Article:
Bosses more concerned over shortage of science and maths expertise than A level standards debate
THE NEW FE representative of the National Union of Students has hit out at critics of A-level results after pass rates hit a new record high.
And employers are far more worried about the low numbers studying science and maths than they are about grade inflation.
After the 25th consecutive annual rise in pass rates, 96.9 per cent of candidates reached at least a grade E and more than one in four earned A grades. Two-thirds of A-level students come from further education and sixth form colleges.
The results prompted renewed concerns that exams are getting easier, but Beth Walker, who was elected NUS vice-president for further education in March and picked up her own A-level results from Chichester College last week, dismissed the fears.
"We seem incapable of celebrating the educational achievements of UK students," she said.
"Those who continue to devalue the achievements of A-level students repeatedly fail to recognise that the year-on-year rise in standards has come about because of hard work on the part of students and their teachers.
"It should come as no surprise that students choose to work hard to attain good grades. They are all too aware that they will face tough competition at every stage of their academic and working careers."
Employers highlighted a shortage of candidates taking science and maths. This year's figures show physics entries up by 0.4 per cent, chemistry up by 0.6 per cent and maths up by 7.3 per cent, but the Confederation of British Industry said this masked a long-term decline. Since 1997, the number of physics entries has fallen by 17.4 per cent and chemistry has dropped by 4.7 per cent. Maths has declined by 10.4 per cent since 2000.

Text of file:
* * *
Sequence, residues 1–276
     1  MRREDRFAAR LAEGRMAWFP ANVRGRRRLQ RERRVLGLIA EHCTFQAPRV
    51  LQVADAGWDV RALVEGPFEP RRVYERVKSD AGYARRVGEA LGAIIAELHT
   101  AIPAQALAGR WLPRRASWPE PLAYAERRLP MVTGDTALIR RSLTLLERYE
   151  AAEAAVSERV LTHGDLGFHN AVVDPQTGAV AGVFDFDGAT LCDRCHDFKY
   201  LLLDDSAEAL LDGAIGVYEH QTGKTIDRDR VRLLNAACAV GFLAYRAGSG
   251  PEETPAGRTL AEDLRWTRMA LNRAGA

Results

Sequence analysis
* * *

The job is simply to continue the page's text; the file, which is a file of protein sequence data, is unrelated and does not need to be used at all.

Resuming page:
Richard Lambert, director-general of the CBI, said: "Businesses are far more worried about the low numbers studying chemistry, physics and maths than they are about the grade inflation debate.
"We are facing a growing skills shortage in these areas that has serious implications for the future health of the economy."
Maggie Scott, director of learning and quality at the Association of Colleges, said: "We would like to congratulate every student who has gained the grades for which they have been working hard."
The association says it is concerned that there has been a decline in the number of students opting to study a modern language but efforts are being made by colleges to appeal to a wider range of people. Itchen College in Southampton and Solihull Sixth Form College, for example, offer Mandarin and Urdu.
As the customary scramble for university places got underway after the A-level results were published, UK Skills, which promotes training for work, urged those advising students to ensure they considered all paths for future career success, not just undergraduate places. Jacqui Henderson, the chief executive, said students, regardless of ability, should consider routes such as apprenticeships.
If students do wish to go to university, she said, they need to be advised to consider vocational as well as academic courses.